IT industry cries foul

Information technology organizations are banding together to oppose a controversial

bill in Congress that they say could derail the growing movement toward

federal IT outsourcing and, they claim, possibly even shut down critical

functions of the government.

And although officials close to the legislation say the bill likely

will not pass this year, IT officials are concerned over its chances in

the next Congress.

The Truthfulness, Responsibility and Accountability in Contracting (TRAC)

Act is designed to force federal agencies to more effectively track outsourcing

costs and savings and to force contracting competitions between government

workers and the private sector.

Supporters say the measure will protect government jobs while saving

taxpayer dollars, but critics rebut that it will bring outsourcing to a

screeching halt, waste taxpayer dollars and maybe even force the federal

government to shut down.

Sections of the bill that have sparked controversy include:

* A temporary prohibition on all government outsourcing unless a waiver

is signed by the Office of Management and Budget.

* A requirement that all future contracting include a competition between

the public and private sectors.

* A mandatory cost-savings analysis of current contracts and the implication

that contracts with less than a 10 percent savings be canceled.

Two versions of the bill currently exist, one in the House and another

in the Senate. Two unions, the American Federation of Government Employees

and the AFL-CIO, support the bill.

AFGE President Bobby Harnage said in a recent news release, "The public

has a right to reliable and accountable public services. The TRAC Act will

help ensure that America's taxpayers get just that. This bill simply holds

contractors accountable to the same standards as federal employees."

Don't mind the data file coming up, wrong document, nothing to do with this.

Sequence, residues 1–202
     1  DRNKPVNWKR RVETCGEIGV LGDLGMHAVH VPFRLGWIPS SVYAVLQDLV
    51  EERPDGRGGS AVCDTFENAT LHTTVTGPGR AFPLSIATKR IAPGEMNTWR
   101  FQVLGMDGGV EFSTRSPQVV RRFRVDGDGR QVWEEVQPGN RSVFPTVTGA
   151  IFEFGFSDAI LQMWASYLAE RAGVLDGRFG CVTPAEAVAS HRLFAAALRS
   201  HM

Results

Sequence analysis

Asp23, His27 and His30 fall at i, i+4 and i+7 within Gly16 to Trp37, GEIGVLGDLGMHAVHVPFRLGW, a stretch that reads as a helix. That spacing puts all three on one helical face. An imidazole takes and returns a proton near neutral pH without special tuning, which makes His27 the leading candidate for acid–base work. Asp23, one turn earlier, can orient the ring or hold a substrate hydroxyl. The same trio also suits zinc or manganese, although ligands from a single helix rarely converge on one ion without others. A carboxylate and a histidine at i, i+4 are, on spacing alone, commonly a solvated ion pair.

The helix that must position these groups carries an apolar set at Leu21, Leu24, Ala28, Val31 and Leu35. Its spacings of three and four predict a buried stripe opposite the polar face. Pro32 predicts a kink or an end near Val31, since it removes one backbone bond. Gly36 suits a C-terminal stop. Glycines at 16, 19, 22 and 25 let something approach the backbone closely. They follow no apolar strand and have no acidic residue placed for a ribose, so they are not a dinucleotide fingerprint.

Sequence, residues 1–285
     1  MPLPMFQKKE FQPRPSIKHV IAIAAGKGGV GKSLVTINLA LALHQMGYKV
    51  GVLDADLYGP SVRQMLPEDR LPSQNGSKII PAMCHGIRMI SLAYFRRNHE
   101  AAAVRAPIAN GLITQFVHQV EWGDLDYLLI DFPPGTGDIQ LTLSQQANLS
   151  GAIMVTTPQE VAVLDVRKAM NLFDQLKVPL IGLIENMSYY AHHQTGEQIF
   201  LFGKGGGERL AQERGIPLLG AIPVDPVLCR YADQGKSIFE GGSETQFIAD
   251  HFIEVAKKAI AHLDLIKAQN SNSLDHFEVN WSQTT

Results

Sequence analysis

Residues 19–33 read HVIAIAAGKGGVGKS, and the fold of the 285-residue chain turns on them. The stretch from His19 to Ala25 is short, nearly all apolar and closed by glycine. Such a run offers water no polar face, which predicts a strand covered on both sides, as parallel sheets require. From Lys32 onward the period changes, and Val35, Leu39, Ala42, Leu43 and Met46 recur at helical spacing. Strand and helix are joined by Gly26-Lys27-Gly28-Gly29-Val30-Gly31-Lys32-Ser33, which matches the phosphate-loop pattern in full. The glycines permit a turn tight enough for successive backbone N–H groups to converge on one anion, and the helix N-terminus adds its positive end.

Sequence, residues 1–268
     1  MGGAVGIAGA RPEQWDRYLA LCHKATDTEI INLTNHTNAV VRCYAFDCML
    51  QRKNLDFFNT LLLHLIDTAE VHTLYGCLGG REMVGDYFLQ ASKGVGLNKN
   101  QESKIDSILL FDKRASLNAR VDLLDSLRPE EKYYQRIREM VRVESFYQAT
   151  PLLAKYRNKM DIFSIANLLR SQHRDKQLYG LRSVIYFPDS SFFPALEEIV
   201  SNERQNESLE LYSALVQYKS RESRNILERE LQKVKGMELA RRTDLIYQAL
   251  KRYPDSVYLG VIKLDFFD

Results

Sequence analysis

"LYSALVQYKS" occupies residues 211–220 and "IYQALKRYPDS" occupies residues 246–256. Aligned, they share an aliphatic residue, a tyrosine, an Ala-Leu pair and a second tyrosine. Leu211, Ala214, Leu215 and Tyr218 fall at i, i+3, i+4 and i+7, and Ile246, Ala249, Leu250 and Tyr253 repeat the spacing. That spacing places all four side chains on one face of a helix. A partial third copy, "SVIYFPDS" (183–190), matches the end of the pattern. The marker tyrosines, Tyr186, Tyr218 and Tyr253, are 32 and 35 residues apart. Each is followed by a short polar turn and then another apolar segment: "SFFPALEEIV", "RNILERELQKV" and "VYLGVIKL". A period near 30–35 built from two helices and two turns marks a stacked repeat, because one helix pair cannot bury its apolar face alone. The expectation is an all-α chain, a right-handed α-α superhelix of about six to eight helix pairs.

Meanwhile, the Information Technology Association of America (ITAA), the

Contract Services Association and the Professional Services Council all

strongly oppose the bill and are considering writing a letter to lawmakers

that signals their opposition.

"The TRAC bill would prevent agencies from awarding new outsourcing

contracts until they can demonstrate cost savings and other benefits. This

would likely take years, if it could be accomplished at all. Introduced

at a time when a majority of federal [IT] employees are eligible for retirement

and agencies are struggling to find qualified technical personnel, the bill

has the potential to slow — if not cripple — critical government programs,"

ITAA President Harris Miller wrote in an Aug. 24 letter to Congress.

The bill has more than 190 co-sponsors in the House, mostly Democrats,

and 12 in the Senate, all Democrats, including vice presidential candidate

Sen. Joseph Lieberman of Connecticut. Supporters are seeking 218 House co-

sponsors because that number would ensure passage should the bill reach

a vote on the House floor.

But the bill is not expected to pass this year, in part because even

among co-sponsors support is seen more as an attempt to send a message to

the Defense Department and other agencies to quell their outsourcing movements

rather than as a real desire to make it law. But the large number of co-sponsors

is still causing concerns.

"Many of the co-sponsors have told us that they added their names since

the bill will not pass. My question to them, however, would be, what about

next year? How do you sponsor a bill one year, but then decline to sponsor

it again?" said Olga Grkavac, an executive vice president at ITAA.

Proponents of the bill say it's all about fairness. "It's about giving

people an opportunity to compete. Federal employees deserve an opportunity

to compete and to continue to perform functions they currently perform,

and the taxpayers deserve to know what the government is spending on those

functions," said a staff member for Lieberman.

George Sigalos, a spokesman for the Contract Services Association,

said his organization is taking a wait-and-see approach. "Regardless of whether

it's a Republican or Democratic Congress, it obviously will be a completely

different legislative environment," he said. "Either way, we'll take it

on again at that time."


  • Defense
    concept image of radio communication (DARPA)

    What to look for in DOD's coming spectrum strategy

    Interoperability, integration and JADC2 are likely to figure into an updated electromagnetic spectrum strategy expected soon from the Department of Defense.

  • FCW Perspectives
    data funnel (anttoniart/

    Real-world data management

    The pandemic has put new demands on data teams, but old obstacles are still hindering agency efforts.

Stay Connected